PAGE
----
Monday, April 22, 2013


Weathered boulders near Bay of Sails, Antarctica
Earth is a beautiful place filled with creatures that harvest photons, exploit chemical gradients, and consume the bodies or byproducts of other creatures. Each organism (or perhaps more properly, each colony of organisms) grows, reproduces, ages, and dies. In the process, they cycle elements and, for a time, leave their signatures. This dynamic process is what we call life. As so many luminaries have said before, Earth is truly a living planet. Many of us contemplate this concept each April 22nd.

Antarctica illustrates most, if not all, aspects of the living Earth: from undersea environments teeming with micro-, macro-, and mega-scale organisms, to physical forces slowly eroding boulders left behind by the last ice age, liberating elements and exposing new habitats for life. One need only sit (or float) and take it all in. Compared to our world, the "physical" seems more "physical" here and life seems more resilient.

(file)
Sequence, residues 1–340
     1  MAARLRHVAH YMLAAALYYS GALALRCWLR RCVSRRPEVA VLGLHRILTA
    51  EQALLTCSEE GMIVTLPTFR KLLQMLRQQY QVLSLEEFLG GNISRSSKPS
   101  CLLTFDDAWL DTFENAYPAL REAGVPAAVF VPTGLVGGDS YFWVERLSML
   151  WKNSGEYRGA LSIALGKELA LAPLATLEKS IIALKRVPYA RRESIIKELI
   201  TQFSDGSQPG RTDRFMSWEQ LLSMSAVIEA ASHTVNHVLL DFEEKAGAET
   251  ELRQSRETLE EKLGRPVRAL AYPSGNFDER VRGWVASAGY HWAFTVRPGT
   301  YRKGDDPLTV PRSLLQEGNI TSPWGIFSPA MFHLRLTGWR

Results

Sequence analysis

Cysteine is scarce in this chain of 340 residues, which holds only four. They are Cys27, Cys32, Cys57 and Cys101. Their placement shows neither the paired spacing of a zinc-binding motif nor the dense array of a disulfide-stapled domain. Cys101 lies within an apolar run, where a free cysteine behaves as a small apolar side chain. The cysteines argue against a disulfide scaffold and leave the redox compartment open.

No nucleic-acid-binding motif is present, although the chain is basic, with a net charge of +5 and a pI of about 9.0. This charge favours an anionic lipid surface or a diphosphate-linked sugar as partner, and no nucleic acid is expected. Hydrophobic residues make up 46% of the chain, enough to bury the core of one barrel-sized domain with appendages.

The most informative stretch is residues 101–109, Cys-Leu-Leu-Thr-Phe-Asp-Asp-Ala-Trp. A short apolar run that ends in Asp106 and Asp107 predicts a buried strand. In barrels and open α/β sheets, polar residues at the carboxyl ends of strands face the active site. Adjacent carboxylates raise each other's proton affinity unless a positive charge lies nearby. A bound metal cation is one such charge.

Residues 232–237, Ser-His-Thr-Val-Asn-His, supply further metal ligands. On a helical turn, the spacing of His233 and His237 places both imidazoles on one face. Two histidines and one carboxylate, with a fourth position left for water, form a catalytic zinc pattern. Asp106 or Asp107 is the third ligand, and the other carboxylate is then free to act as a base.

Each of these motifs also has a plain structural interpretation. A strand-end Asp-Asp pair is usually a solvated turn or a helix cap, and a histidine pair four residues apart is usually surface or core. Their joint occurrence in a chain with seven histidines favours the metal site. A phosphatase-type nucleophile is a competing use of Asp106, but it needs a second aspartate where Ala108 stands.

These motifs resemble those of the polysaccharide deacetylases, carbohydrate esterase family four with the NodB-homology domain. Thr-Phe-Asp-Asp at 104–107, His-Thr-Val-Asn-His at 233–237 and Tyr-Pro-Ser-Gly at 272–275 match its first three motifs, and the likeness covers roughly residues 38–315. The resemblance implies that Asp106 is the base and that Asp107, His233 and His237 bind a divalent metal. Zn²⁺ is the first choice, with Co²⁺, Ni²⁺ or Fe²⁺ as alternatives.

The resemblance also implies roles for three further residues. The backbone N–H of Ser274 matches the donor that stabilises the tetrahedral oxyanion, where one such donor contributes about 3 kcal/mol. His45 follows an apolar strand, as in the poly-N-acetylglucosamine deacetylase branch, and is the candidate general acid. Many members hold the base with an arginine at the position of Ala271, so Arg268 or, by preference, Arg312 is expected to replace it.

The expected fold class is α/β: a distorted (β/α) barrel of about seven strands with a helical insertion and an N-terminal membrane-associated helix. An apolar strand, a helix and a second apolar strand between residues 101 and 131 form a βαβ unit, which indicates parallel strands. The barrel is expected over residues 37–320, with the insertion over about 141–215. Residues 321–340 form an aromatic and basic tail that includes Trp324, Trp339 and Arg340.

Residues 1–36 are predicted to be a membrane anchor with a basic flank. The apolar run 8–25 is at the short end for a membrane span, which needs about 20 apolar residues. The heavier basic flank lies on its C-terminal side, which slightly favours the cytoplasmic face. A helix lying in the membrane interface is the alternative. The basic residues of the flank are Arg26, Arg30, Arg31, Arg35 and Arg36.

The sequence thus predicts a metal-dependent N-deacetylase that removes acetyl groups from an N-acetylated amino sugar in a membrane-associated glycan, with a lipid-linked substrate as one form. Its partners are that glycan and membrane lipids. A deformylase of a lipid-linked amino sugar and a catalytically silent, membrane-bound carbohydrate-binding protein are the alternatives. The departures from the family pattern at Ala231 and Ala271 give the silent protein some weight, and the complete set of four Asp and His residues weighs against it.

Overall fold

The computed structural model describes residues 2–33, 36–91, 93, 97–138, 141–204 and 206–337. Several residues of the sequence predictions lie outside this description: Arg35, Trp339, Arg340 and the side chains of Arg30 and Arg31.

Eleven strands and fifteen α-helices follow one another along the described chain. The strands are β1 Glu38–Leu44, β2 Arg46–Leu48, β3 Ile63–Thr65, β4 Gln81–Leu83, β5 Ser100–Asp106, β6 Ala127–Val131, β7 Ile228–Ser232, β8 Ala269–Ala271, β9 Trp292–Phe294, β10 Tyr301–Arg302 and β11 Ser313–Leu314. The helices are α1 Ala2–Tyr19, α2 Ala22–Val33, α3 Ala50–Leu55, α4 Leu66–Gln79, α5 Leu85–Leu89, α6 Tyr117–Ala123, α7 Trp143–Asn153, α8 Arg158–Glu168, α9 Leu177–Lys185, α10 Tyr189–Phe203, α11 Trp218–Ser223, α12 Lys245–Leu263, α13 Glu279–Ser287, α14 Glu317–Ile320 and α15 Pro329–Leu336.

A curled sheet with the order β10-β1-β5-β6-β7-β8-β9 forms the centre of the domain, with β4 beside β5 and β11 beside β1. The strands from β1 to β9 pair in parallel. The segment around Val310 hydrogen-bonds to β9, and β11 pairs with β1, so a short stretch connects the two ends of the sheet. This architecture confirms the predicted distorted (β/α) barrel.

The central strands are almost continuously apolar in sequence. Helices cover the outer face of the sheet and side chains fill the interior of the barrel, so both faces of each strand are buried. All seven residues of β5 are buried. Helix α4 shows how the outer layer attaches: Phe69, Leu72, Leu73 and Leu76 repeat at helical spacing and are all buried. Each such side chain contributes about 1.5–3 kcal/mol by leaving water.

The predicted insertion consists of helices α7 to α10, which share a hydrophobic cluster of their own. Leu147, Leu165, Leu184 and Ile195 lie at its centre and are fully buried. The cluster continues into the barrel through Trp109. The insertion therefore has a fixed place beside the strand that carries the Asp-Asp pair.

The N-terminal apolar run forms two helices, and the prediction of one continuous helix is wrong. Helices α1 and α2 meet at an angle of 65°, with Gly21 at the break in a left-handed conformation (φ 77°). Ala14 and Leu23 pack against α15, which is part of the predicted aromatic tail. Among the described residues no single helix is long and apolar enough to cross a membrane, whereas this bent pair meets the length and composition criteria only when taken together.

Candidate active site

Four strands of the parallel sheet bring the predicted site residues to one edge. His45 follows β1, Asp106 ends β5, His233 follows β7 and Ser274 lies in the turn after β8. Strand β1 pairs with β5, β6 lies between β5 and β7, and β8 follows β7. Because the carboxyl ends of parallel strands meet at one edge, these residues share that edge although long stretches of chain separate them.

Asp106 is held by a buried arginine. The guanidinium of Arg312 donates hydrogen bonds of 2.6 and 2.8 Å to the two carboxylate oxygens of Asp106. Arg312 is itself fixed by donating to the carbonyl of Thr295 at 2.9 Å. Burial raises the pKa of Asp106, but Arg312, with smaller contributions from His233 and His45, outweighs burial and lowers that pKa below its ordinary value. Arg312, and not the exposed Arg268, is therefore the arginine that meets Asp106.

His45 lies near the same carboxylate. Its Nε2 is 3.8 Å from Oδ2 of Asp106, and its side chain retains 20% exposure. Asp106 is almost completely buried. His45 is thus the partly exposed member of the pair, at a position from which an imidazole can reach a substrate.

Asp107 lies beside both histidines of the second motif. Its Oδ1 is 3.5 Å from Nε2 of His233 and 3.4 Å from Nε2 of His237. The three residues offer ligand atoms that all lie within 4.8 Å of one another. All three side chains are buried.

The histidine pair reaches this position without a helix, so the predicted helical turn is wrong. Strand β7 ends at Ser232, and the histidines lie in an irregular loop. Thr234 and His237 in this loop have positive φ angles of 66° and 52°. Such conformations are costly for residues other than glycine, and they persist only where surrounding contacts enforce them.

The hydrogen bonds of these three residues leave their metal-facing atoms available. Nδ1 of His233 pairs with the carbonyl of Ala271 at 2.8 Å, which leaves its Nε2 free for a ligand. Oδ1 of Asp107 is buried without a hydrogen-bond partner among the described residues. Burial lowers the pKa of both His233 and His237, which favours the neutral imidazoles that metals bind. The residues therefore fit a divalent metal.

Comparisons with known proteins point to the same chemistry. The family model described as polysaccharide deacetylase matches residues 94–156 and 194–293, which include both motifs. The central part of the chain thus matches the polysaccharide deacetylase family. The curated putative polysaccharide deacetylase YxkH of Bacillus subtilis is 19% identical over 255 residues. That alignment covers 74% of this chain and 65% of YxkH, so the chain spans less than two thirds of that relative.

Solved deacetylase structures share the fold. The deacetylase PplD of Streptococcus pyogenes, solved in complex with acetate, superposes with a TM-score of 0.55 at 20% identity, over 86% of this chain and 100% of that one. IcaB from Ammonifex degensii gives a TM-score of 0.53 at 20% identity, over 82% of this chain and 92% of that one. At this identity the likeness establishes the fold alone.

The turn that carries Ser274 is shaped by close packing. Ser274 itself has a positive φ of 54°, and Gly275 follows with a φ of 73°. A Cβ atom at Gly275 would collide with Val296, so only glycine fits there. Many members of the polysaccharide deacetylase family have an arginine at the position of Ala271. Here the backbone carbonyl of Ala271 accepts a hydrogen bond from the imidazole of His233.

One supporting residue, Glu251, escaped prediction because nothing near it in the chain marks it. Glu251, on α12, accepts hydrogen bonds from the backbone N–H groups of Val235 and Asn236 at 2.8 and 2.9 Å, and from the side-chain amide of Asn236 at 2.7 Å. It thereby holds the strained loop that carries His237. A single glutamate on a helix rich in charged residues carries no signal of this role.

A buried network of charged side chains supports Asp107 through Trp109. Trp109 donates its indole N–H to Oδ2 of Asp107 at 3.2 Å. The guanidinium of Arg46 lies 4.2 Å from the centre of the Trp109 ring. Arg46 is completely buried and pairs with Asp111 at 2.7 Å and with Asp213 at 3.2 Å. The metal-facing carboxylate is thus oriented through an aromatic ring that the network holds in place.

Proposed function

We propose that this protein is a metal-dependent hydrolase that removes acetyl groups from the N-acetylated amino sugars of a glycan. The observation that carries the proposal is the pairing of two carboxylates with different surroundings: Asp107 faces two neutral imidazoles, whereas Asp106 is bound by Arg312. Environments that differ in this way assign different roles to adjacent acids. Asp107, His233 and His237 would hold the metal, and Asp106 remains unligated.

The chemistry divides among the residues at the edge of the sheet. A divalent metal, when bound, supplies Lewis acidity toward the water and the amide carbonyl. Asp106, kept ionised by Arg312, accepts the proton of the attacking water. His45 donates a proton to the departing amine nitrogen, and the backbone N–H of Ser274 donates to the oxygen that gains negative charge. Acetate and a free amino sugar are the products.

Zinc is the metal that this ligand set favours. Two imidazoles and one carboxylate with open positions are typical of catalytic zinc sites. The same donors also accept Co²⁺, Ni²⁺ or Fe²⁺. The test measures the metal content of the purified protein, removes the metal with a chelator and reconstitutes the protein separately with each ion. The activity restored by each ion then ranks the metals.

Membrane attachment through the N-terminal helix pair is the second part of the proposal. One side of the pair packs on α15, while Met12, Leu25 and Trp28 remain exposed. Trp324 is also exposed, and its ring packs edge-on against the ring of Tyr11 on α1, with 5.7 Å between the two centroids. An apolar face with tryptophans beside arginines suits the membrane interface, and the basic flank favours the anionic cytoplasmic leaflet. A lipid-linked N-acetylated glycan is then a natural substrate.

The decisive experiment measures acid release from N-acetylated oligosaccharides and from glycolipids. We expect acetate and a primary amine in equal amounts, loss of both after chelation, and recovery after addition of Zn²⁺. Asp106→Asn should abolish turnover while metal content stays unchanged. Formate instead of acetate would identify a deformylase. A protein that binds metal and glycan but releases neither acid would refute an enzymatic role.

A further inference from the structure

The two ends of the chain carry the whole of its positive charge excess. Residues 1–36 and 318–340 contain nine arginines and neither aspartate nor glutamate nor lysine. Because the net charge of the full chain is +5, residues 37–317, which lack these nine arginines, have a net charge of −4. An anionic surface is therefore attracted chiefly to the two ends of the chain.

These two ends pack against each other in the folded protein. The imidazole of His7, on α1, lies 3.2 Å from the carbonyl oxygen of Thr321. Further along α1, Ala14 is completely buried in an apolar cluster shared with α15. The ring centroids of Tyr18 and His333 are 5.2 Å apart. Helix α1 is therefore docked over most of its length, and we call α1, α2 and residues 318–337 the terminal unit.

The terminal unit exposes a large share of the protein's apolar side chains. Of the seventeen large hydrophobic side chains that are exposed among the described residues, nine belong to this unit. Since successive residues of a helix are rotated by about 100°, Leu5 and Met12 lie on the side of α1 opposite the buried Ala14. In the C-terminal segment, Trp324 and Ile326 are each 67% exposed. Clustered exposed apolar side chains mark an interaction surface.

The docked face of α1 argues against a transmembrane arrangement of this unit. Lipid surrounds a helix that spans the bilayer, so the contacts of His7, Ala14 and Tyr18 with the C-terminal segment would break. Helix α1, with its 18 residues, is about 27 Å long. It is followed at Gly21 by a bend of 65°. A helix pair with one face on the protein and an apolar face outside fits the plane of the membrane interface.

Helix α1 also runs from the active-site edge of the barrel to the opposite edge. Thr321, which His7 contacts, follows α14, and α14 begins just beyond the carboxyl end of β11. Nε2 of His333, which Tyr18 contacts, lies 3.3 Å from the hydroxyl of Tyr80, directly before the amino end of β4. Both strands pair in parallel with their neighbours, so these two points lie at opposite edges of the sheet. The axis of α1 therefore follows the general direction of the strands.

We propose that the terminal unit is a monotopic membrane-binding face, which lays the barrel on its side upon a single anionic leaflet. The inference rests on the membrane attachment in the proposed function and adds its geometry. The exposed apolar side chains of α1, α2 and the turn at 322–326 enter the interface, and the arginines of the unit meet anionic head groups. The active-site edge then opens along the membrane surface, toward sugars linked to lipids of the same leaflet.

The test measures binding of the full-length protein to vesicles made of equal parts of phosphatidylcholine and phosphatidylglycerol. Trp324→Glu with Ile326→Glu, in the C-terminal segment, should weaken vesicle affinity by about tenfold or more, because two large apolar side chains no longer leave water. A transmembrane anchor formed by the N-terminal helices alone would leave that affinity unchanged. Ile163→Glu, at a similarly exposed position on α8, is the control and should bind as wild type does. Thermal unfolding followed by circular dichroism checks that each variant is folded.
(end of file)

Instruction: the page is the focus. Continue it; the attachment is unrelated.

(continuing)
Nothing is fragile, except the unprepared human. And, at times, even the "prepared" human psyche.

Wednesday, April 10, 2013

Beginnings ...

As an undergraduate, I never thought much about the parallels between art and science. It took a pal of mine - Anthony Tassarotti - to lead me down that path. At the time, I was a student in Sam McGee-Russell's electron microscopy class, and "Tony" was deeply involved with photography. When he saw some of my micrographs, he went into the darkroom and started making some "crazy prints" (my words at the time).

Anthony's rendering of a carbon-platinum shadowed latex sphere

You never know where friendships will take you!